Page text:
In Deconstructing the Domestic, our attention is drawn to how female photographers deconstruct ideas around domesticity and feminine ideals. The section is thematically less convincing. Angela West’s study of her father with a gun or Sheila Pree Bright’s take on the representation of African Americans’ houses in her Suburbia series happen in domestic spaces but refer to the notion of domesticity only obliquely.
More interesting is the way other female photographers have used the house as a set, turning the domestic into a terrain of experimentation. Such is the case with Jan Groover who used the kitchen sink to construct an unexpected representation of reality and transform our expectations. Or Paula Chamlee with Nude Collage, who created the work by piecing together xeroxed images of her body that her husband, the late photographer Michael A. Smith, took and that did not fit into the copy machine.
The section titled Women Looking at Women asks us to ponder whether there’s “a female gaze.” British film theorist Laura Mulvey coined the term in 1975 in response to the “male gaze” and in reaction to the objectivization of women through the lens of mostly male visual artists, most notably in Hollywood. The term is imbued with social feminist theories and, at times, controversial. Yet, in the era of #MeToo, it has become somewhat ubiquitous.
Underexposed Women takes a sensitive approach to the question, by suggesting viewers think more in terms of how the conditions of making a work — “including the gender identity of artist and subject” — shape and condition what you see. This is true for work in the realm of photojournalist Kael Alford, who acknowledges that being a woman gave her access to situations in the Middle East where men would have not been allowed. But for other photographers, like Cindy Sherman or Nan Goldin, whose portraiture questions identity and debunks female stereotypes, the notion of gaze and its subversion is at the core of what they do.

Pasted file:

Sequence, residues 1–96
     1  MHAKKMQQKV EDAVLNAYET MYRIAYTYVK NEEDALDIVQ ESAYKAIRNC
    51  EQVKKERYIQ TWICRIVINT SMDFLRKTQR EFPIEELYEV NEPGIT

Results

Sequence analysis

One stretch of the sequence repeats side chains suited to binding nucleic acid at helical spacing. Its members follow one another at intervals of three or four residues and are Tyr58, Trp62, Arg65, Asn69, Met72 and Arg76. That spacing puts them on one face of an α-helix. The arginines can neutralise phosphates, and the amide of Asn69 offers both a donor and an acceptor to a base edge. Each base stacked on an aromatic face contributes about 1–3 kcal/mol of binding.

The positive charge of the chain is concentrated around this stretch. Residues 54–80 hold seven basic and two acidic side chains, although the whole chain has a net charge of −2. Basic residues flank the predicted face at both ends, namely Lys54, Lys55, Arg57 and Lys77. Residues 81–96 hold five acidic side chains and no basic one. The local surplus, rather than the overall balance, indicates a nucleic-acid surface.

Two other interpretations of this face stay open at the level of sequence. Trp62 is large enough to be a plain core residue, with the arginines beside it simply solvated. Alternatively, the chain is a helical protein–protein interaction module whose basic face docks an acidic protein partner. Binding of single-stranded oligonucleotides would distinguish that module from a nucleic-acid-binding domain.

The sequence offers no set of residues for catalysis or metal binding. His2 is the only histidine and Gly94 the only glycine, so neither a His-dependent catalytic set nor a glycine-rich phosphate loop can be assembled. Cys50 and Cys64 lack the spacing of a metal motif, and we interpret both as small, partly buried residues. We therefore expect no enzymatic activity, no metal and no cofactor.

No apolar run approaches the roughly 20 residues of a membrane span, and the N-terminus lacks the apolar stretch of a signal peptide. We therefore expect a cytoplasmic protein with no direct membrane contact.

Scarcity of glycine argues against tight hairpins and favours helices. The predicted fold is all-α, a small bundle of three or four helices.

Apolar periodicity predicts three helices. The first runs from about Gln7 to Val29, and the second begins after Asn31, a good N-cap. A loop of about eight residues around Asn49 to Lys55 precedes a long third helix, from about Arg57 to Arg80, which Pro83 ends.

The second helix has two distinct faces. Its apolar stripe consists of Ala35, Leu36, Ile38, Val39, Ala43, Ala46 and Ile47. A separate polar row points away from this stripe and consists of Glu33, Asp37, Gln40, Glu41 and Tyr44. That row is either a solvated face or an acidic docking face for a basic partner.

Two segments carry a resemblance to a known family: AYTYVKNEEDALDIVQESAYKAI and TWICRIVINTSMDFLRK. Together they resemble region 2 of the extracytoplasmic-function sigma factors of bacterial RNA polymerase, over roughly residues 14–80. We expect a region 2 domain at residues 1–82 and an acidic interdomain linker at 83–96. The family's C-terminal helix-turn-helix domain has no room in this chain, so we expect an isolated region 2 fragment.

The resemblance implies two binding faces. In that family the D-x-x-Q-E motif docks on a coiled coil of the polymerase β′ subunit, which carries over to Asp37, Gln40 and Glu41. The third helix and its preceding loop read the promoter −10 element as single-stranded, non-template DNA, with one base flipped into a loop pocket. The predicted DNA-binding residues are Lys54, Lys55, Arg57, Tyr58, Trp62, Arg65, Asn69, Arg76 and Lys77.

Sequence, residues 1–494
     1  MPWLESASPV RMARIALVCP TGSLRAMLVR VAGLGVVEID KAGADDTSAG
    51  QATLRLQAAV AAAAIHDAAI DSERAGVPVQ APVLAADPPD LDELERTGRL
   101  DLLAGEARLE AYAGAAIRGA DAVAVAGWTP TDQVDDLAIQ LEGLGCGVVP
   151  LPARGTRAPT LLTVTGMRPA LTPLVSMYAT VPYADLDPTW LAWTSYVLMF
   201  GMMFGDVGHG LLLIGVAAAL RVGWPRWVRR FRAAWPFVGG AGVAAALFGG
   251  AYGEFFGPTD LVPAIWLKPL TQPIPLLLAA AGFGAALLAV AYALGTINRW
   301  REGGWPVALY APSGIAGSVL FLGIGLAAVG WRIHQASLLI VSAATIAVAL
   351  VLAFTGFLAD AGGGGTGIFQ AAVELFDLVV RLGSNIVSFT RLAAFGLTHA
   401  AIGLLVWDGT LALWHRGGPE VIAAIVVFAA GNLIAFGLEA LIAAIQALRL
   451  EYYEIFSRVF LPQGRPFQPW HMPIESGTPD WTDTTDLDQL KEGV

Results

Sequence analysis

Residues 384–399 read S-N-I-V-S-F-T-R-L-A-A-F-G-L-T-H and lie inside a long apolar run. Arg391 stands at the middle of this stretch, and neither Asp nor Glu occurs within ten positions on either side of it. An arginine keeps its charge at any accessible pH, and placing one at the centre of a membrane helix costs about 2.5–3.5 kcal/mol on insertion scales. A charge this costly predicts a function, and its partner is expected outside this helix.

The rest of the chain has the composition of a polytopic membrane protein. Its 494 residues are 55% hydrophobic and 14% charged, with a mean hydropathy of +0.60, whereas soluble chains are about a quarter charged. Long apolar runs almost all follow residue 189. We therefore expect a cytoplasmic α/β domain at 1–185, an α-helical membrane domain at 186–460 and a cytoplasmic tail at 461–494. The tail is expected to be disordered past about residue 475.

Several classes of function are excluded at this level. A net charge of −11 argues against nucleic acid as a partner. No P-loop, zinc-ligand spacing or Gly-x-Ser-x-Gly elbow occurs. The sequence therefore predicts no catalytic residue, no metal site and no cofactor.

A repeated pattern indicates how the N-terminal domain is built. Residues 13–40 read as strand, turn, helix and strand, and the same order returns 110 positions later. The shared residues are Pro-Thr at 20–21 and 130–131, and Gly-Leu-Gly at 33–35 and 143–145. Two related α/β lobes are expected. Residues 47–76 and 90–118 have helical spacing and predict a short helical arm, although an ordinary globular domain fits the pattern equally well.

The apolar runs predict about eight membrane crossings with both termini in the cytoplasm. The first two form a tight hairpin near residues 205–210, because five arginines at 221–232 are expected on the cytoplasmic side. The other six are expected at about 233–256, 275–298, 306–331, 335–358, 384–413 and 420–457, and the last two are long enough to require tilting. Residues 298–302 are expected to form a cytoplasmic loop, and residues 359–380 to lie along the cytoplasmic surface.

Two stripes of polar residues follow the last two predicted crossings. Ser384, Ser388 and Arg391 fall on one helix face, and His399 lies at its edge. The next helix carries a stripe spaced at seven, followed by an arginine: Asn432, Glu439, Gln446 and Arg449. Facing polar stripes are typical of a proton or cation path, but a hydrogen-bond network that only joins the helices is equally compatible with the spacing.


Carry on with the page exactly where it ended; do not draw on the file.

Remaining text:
The exhibit closes with a selection of portraits and self-portraits, broadly touching on notions of representation, gender and identity. It mixes a wide range of artists and styles, including work by Judy Dater, Zanele Muholi and Mickalene Thomas. The juxtaposition of so many artistic approaches and life trajectories at times leaves us overwhelmed and lost in finding a common thread even though every image is heavily contextualized.
As much as the effort to inform is laudable, it can become distracting and detrimental to the simple pleasure of looking at art, and as London-based artist and curator David Campany remarks, “Having a script to look at neutralizes the viewers because it abdicates them of the responsibility to think about the work critically.”
Whatever remains in the mind of viewers after they leave Underexposed Women, it’s worth noting that more representation of women’s perspectives contributes to a much more nuanced idea of women and, in the end, that’s what matters.